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Nets by the Numbers: Is New Jersey Really This Bad?

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Nets by the Numbers: Is New Jersey Really This Bad?
Kevork Djansezian/Getty Images

If October’s preseason is anything to go by, it may not come as any surprise that the New Jersey Nets are struggling.

They lost two close games to the Knicks—one by four points, another by two.

They lost to the 76ers after missing a three-pointer at the buzzer, despite leading by as many as 16.

And they lost twice to the Boston Celtics in three days, the second time after carrying a nine-point lead into the fourth quarter and a one-point lead into the final 60 seconds.

After losing six of their seven warm-up scrimmages, the Nets finally got a preseason win under their belt against Philadelphia with a comprehensive 110-88 victory just five days before the curtain fell on the 2009 season opener.

The Nets had finally found a way to win, but any optimism was soon washed away as their problems continued…and grew.

What began as a disappointing start to the season quickly deteriorated into a record-setting bloodbath of near-misses and heartaches.

 

Untangling the Defeats

The New Jersey Nets are a riddle locked in a conundrum; a puzzle wrapped around a quandary; an enigma of what-ifs and maybes.

They have played just as well with eight healthy players available as they have with a full complement of 15.

They held the dangerous Portland Trailblazers to just 13 points in the third quarter, but then let the Nuggets drop 44 on them.

They blew a 19-point second-half lead in their opener against the Timberwolves, and lost twice to the Philadelphia 76ers within a week—both times by just three points.

A third-quarter meltdown saw the Nets blow a 14-point lead in Charlotte, and only Dwayne Wade’s three-pointer at the buzzer stopped them from upsetting the Heat.

They led for almost all of the first half against Orlando before losing by 16, and they fought back to within one point of the Knicks before slipping to a seven-point defeat.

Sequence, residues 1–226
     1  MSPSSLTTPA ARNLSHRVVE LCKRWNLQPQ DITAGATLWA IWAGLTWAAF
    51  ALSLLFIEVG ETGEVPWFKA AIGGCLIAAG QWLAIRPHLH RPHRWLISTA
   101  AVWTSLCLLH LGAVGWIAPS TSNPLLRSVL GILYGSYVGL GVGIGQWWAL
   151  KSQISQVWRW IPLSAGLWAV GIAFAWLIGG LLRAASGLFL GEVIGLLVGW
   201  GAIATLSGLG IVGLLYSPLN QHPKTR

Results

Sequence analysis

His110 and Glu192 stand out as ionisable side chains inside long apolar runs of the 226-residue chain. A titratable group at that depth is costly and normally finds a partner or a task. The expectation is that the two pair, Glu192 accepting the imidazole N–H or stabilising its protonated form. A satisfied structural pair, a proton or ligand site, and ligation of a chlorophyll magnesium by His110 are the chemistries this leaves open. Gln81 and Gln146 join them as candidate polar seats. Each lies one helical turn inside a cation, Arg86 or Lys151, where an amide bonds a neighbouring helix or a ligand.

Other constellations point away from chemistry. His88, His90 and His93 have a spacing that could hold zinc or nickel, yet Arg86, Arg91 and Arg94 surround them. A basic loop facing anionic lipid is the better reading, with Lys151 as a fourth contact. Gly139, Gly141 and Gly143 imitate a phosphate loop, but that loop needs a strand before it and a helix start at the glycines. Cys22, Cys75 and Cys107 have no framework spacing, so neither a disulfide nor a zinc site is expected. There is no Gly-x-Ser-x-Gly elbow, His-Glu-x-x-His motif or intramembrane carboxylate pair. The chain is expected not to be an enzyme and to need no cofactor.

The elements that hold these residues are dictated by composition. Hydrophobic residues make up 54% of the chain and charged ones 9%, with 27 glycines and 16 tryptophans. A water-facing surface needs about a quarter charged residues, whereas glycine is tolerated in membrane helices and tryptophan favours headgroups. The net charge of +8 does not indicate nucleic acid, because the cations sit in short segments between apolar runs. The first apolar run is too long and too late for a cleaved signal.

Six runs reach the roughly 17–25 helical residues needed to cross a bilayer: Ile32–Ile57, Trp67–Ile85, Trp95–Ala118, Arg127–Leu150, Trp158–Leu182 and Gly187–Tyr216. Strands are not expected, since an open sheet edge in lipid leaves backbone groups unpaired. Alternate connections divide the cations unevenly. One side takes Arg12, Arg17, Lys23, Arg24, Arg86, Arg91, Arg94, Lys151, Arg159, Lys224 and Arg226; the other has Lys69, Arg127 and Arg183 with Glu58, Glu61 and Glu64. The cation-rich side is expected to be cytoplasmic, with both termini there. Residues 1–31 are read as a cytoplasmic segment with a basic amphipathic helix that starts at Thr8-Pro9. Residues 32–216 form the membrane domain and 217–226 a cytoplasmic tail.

The Nets may be 0-18, but they could just as easily be 6-12—a mere one win out of a playoff spot.

Putting it into perspective, the Nets have led for more than three hours of game time—almost one quarter of their total time on court.

They have lost five games by single digits, and 10 of their 18 by less than a dozen. Only once have they lost by more than 20, and that game could have gone either way until a third-quarter collapse.

There have been times when they have been thoroughly outplayed from start to finish such as against Portland, Sacramento, and the Lakers, but even in the worst defeats they have been within touching distance.

While 16 other teams have allowed more points per game than the Nets, the fact is that the Nets have only averaged 86.6 points—the worst in the league—in their 18 losses.

The team's 40.6 percent field goal success rate is also the worst in the NBA, and their 27.5 percent three-point shooting ranks ahead of only Minnesota.

One big quarter has usually been the downfall of the Nets. In this league, if you can’t be competitive for all 48 minutes, you are going to lose more than you win.

Unfortunately for the injury-decimated Nets, it is a tough lesson to learn.

 

Game-By-Game

 

• (0-1 at Minnesota) The Nets led for more than 41 of the 48 minutes against the Minnesota Timberwolves, including all but the final 34.6 seconds of the second half when they blew a 19-point lead.

Brook Lopez scored 27 point and grabbed 15 rebounds and the Nets held Minnesota to just 36 percent shooting from the field, but 22 turnovers killed New Jersey as the T’Wolves closed the game on a 24-6 run.

 

• (0-2 vs. Orlando) Against the Orlando Magic, the Nets trailed the entire second half and never got closer than nine points in the fourth quarter. They led briefly in the first half, but even with Vince Carter missing the second half with an injured ankle, the Magic held off New Jersey with relative ease.

Dwight Howard notched a double-double (20 points, 22 rebounds), and even though the Nets only turned the ball over six times, they lost by 10 points, 95-85.

 

• (0-3 at Washington) Devin Harris missed the trip to Washington with a right groin injury, and even though the Nets led for nearly five minutes in the first period, they got outscored 71-55 in the second and third quarters.

Chris Douglas-Roberts netted 25 points on the road, but Gilbert Arenas led all scorers with 32.

 

• (0-4 at Charlotte) The Nets led by as many as 14 against Charlotte, but they only scored seven points in the entire third quarter while the Bobcats scored 24 unanswered.

New Jersey had every chance to win, especially after restricting the Bobcats to just 1-of-15 shooting from beyond the arc.

Yi Jianlian sprained his right knee in the third quarter and guard Chris Douglas-Roberts left with an ankle injury in the fourth.

Tony Battie (sore right knee), Keyon Dooling (hip surgery), and Jarvis Hayes (strained left hamstring) all sat out.

 

• (0-5 vs. Denver) New Jersey led by one point at halftime against the Nuggets, but the Nets allowed 44 points in a free-scoring third quarter. They never got closer than within 17 points in the final period.

The Nets scored 56 points in the paint, but they only shot 38 percent compared to the Nuggets’ 53 percent.

 

• (0-6 at Philadelphia) Against the 76ers, the Nets led by as many as eight in the third quarter despite being without three of their five starters from Opening Night and only having nine players in uniform.

Trenton Hassell, Brook Lopez, Rafer Alston, and Bobby Simmons all scored double-digit points for the Nets, but Philly made 8-of-16 three-pointers to win 97-94.